Federal pay prevents Oklahoma City VA from filling some doctor positions
There are 21 job openings at the Oklahoma City VA Medical Center and many of them may never be filled.
A federal report released last month found the hospital had a high number of vacancies. Wade Vlosich, its director, says that's largely due to the way he calculates shortages but concedes some positions are nearly impossible to fill.
“Our recruiting problem is mainly with physicians because of the salary cap. That's the big issue, getting people to come here more for the mission than they are for the money,” he said.
Under federal employment laws, no federal employee can have a higher salary than the president of the United States, who earns $400,000 per year. That poses challenges for VA hospitals seeking specialists.
Take, for example, cardiothoracic surgeons. The Oklahoma City VA hospital needs four but recently lost one, so they're recruiting to fill the slot. The problem is that cardiothoracic surgeons can earn far more than $400,000 at private hospitals.
During an interview, Vlosich scanned his list of staff shortages and pinpointed those that will almost certainly not be rectified.
“Mohs surgeon?” he read aloud, referring to a skin cancer specialist. “There's no way. They make $800,000. So, I can't recruit those.”
One workaround is federal contracts, which can exceed the $400,000 limit. For ophthalmologists, the VA contracts with the Dean McGee Eye Institute at a cost of $600,000. That includes overhead expenses it wouldn't have to pay if it could hire its own ophthalmologists.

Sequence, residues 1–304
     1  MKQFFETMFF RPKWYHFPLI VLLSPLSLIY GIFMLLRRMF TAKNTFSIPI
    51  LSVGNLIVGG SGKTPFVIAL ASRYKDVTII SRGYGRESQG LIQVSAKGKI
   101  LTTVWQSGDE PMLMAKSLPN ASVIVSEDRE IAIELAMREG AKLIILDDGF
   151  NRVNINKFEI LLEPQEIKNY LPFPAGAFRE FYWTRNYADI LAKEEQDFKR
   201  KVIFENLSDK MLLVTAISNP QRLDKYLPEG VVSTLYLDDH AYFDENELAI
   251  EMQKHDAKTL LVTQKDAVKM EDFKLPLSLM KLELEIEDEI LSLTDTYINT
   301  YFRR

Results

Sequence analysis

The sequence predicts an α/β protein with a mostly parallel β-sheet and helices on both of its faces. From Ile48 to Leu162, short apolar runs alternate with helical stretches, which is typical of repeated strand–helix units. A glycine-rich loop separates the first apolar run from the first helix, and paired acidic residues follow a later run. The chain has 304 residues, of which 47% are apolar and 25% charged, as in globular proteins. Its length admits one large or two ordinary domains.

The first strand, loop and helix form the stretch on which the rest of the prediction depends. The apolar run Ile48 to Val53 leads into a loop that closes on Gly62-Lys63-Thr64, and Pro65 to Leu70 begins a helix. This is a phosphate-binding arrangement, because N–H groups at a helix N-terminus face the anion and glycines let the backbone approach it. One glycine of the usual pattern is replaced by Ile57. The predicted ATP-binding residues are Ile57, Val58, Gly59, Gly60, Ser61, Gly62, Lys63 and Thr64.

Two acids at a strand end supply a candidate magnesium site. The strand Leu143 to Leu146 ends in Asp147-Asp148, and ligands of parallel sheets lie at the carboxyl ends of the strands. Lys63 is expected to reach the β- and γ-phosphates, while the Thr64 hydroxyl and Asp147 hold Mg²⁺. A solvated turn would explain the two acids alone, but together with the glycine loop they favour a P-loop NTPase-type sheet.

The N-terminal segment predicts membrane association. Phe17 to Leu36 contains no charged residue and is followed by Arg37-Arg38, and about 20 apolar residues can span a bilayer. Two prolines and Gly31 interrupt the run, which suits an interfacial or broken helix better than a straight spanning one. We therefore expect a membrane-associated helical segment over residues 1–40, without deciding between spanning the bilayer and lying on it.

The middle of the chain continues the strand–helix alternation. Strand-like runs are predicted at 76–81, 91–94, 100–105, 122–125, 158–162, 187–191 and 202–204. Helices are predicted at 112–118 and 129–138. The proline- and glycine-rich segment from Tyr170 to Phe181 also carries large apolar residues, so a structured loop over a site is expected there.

“It's one of those things in federal government where if they changed up the rules, it would make everything a lot more easy,” Vlosich said. “Because I'm paying $600,000 for the same person but if I could pay them $500,000, then I would have somebody, easy.”
In smaller Oklahoma cities, where the VA operates clinics, the challenge is finding primary care doctors, though not because of the pay. Fewer young professionals are interested in moving to rural areas, posing challenges for private practices, as well as the VA.
Engineer shortage, too
At the Oklahoma City hospital, which has struggled for years with the fallout from shoddy construction work, it's a challenge to hire engineers. Two construction projects at the hospital are $10.8 million over budget and years behind schedule due to engineering mismanagement, a federal report found in March.
“A lot of engineers, because of all the issues we had, don't want to come work here,” Vlosich said.
The news is not all bad, however. Vlosich says the hospital will be hiring 55 new employees in July and has added 78 employees since last year. He says all areas are covered, even if the hospital will never be fully staffed with specialist surgeons.
“It is just the way it goes at a VA hospital, because we'll never reach that salary level for those doctors. So, no, it doesn't worry me,” Vlosich said. “Areas that worry me are filling inpatient hospital positions, primary care positions and then some of the hard-to-recruit nursing positions, and engineers. Those are really the ones that keep me up at night.”
As for those $10.8 million over-budget construction projects, the Senate passed a VA appropriations bill last week that includes funding for them.